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Advancing Behavior Engineering: Toward Integrated Events Modeling


Sabah Al-Fedaghi


Vol. 20  No. 12  pp. 95-107


The term behavior engineering (BE) encompasses a broad integration of behavioral and compositional requirements needed to model large-scale systems. BE forms a connection between systems-engineering processes and software-engineering processes. In software engineering, interpreting requirements can be perceived as specifying behavior, which is viewed in terms of chronology of events in the modeled system. In this paper, we adopt BE in its general and integrating sense to search for a unifying notion of an event as a fundamental behavior-modeling concept. We examine several bodies of research with various definitions of an event and its basic units and structure. We use the thinging machine (TM) model to analyze notions related to events, including Dromey’s behavior trees, fluents (change over time), recurrent events, and Davidson’s events. The results point to an underlying meaning that can lead to a unifying event concept.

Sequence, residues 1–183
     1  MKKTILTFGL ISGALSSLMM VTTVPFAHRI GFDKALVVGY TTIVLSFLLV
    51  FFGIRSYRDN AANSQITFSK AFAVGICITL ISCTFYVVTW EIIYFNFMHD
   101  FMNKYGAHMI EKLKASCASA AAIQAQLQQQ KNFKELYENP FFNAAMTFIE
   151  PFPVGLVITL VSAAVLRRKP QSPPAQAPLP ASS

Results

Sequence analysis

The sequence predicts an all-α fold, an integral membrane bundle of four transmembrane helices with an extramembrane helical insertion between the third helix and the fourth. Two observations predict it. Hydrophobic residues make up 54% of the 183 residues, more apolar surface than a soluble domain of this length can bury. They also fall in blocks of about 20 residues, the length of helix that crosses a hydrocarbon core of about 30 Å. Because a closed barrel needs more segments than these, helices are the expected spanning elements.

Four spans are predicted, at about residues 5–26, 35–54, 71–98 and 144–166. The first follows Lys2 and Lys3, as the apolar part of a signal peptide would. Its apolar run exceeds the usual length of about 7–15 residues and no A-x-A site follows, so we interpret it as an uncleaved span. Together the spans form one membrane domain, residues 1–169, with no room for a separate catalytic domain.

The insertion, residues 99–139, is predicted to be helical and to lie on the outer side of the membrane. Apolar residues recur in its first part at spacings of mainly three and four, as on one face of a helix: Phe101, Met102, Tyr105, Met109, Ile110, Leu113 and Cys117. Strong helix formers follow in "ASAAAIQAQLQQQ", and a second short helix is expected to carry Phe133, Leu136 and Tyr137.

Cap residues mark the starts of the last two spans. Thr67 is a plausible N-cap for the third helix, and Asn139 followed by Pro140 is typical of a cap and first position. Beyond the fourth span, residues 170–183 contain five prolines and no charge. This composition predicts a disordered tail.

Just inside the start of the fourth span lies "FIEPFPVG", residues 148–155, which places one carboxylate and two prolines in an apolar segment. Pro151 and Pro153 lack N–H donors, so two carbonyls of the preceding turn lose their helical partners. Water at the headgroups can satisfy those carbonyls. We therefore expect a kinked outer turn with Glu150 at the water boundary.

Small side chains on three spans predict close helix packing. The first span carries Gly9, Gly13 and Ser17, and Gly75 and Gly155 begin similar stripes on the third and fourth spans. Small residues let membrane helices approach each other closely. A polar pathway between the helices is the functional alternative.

software engineering, systems engineering, behavior, event, conceptual modeling